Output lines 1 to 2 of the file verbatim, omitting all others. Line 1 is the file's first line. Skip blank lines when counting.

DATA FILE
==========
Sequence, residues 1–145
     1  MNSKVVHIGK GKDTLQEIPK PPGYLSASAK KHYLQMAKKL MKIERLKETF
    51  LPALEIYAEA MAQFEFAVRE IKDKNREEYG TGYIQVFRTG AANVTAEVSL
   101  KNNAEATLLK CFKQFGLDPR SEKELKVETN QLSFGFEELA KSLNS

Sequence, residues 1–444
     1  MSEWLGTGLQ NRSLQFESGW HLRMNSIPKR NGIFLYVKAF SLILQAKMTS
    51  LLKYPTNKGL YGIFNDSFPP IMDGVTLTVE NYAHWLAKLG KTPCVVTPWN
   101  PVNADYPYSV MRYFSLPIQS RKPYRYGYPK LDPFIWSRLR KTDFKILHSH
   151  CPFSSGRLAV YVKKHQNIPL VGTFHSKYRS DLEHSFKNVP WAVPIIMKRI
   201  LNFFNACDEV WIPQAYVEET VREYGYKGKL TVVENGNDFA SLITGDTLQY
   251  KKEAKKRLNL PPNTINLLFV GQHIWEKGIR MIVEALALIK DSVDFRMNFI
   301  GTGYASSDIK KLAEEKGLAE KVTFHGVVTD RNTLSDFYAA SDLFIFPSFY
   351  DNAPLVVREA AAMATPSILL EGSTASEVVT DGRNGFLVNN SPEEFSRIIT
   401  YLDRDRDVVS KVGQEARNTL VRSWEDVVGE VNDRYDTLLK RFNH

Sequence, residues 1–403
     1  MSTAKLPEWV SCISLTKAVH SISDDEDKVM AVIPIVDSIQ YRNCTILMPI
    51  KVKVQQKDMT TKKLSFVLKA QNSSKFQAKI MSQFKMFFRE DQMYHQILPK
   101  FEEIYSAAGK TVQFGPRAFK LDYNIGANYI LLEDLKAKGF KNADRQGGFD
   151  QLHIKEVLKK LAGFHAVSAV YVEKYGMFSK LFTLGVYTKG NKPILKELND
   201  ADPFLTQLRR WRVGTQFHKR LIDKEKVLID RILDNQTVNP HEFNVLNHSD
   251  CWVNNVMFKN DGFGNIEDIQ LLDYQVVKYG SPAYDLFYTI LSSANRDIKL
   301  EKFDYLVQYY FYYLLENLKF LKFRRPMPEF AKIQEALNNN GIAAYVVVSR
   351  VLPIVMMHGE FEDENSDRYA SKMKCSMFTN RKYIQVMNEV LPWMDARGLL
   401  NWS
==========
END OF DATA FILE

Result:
Sequence, residues 1–145
     1  MNSKVVHIGK GKDTLQEIPK PPGYLSASAK KHYLQMAKKL MKIERLKETF